Though this wine bar on the historic Rue du Pont Louis-Philippe opened in June 2022, it’s already a favorite go-to spot for a chic atmosphere, small plates, and natural wines from around the world. Olivier Garcia, ex-sous-chef to Clément Vergeat at the one-star restaurant Tamara, presides over a small but tantalizing menu at Nellu that includes a scrumptious oyster gratin with miso and caramelized shallots with pressed beef shoulder and seaweed and rhubarb. A knowledgeable and friendly staff can steer you to some gems from their far-flung cellar to perfectly pair with each dish.
Halle aux Grains
WHERE: 1st Arrondissement
Three-Michelin star father-and-son-team Michel and Sébastien Bras reign over Halle aux Grains‘ minimalist dining room, crowning the new Bourse de Commerce, an 18th-century building that was once Paris’s grain exchange. The light-drenched space, reimagined by architect Tadao Ando, offers rare views over Les Halles to the Centre Pompidou. A grain-centric menu (hence the name), features dishes like merlu fish in a crispy buckwheat butter crust or venison filet with lentil sprouts, and irresistible desserts all made in-house and assembled to order. The wine list features 30 signature wines specially crafted for the Bras by distinguished winemakers whose blends you’ll only taste here.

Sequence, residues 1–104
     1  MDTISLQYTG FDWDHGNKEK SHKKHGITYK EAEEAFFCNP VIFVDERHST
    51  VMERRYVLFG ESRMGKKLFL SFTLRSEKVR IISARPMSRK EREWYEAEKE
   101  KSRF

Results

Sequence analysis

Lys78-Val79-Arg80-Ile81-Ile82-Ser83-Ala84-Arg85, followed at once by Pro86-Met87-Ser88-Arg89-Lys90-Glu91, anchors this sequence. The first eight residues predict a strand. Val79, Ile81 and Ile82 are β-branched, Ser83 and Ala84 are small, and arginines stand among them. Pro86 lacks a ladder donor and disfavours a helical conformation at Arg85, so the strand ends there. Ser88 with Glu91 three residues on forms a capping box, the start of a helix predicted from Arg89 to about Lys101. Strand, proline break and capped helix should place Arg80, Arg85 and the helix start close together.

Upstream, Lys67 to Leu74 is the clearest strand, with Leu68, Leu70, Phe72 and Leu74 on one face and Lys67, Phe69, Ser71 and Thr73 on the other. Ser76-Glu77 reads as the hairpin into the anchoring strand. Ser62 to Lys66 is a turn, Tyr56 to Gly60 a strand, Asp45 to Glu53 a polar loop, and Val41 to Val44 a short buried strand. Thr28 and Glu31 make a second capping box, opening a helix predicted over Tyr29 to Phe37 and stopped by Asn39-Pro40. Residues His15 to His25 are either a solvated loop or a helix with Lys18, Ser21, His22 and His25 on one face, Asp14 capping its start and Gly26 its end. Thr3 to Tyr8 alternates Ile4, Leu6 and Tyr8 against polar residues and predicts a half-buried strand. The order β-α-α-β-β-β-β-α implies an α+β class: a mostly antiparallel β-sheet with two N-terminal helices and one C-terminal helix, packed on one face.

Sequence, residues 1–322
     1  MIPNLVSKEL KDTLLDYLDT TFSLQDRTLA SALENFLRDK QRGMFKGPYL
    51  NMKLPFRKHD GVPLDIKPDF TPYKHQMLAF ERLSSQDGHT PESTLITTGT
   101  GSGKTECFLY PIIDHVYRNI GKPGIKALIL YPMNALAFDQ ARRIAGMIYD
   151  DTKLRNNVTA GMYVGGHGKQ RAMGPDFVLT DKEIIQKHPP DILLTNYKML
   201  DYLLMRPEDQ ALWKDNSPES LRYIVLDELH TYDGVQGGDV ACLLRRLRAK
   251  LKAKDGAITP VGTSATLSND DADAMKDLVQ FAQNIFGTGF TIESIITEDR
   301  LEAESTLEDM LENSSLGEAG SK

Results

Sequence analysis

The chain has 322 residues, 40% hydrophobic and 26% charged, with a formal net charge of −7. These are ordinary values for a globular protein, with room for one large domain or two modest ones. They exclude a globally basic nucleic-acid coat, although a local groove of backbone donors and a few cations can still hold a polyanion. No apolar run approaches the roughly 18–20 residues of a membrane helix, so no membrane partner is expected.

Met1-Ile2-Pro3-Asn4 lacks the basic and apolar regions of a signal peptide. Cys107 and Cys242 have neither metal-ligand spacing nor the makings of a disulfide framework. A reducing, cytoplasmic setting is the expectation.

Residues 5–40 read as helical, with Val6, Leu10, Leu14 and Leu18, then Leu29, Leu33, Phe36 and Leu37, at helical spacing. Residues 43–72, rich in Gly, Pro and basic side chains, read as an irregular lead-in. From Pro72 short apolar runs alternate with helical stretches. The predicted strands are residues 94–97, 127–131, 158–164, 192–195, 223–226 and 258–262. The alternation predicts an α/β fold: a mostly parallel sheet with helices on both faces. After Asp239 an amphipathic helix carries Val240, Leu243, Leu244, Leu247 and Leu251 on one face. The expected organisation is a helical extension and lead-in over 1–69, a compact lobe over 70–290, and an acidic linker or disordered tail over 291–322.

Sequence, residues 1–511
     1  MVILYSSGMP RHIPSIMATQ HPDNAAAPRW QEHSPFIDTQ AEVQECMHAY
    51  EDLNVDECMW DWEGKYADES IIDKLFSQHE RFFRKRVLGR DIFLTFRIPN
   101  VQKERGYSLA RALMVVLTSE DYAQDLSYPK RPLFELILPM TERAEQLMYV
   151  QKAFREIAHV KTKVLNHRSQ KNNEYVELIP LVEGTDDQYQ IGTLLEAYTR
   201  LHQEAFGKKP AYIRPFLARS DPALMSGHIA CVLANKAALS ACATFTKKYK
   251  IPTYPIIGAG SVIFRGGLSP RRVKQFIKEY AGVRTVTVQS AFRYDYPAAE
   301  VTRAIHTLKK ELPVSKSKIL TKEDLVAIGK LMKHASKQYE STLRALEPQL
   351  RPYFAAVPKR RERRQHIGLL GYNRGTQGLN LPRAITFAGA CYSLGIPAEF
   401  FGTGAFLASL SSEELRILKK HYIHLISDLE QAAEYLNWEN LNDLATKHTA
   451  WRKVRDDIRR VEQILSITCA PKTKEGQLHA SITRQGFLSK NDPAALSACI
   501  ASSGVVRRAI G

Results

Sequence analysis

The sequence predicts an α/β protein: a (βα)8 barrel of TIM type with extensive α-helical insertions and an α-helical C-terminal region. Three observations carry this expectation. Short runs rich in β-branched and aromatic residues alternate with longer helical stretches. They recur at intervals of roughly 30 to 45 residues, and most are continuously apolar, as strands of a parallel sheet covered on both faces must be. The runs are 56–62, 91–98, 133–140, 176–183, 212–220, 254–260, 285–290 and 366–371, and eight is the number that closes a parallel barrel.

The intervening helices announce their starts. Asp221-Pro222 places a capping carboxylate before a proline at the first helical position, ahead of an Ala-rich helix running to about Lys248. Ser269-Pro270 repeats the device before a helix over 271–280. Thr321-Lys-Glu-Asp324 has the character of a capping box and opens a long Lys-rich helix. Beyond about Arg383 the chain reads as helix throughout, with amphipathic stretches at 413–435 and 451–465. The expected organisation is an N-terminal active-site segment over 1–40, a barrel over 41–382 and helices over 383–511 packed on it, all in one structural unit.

INSIDER TIPIt’s the perfect place for lunch, teatime, an apéro, or dinner before or after visiting the collection, but the private entrance is open for non-museum goers too.
WHERE: 12th Arrondissement
Passerina, the new pint-sized wine bar brought to us by Italian chef Giovanni Passerini, is the perfect spot for an apéro and a snack after a day of museum-hopping or shopping. In cool weather, diners sit around a bar, central table, or narrow side counters. On warmer days, diners spill out onto a terrace abutting Passerini’s Italian restaurant across the street, all on a pretty square between the Bastille and the Gare de Lyon. A signature list of all-natural French and Italian wines are supplemented by small bites, including a mini pastrami sandwich, mussels steamed in wine, or—if you wait around long enough—the freshly made pasta of the night offered to everyone in the bar.
WHERE: 9th Arrondissement
The third and latest in Chinese-French restaurateur Céline Chung’s suite of Chinese restaurants, Bleu Bao, is her most evocative yet. The downstairs of the duplex dining room is done up in the traditional blue and white of Chinese porcelain, stylishly accented with neon touches, plush banquettes, and glittery tabletops. Upstairs, velvet daybeds and deep chairs invite lounging while sipping ginger, litchi, or osmanthe-flower-infused cocktails inspired by China. Amandine Sepulcre-Huang cooks up inspired dim sum dishes and bao buns in various degrees of spiciness in dishes like char sui bao, braised barbecued pork in steamed brioche, or deliciously melting eggplant in aubergines hong shoa. Dishes range from about €8-€14 and are perfect for sharing.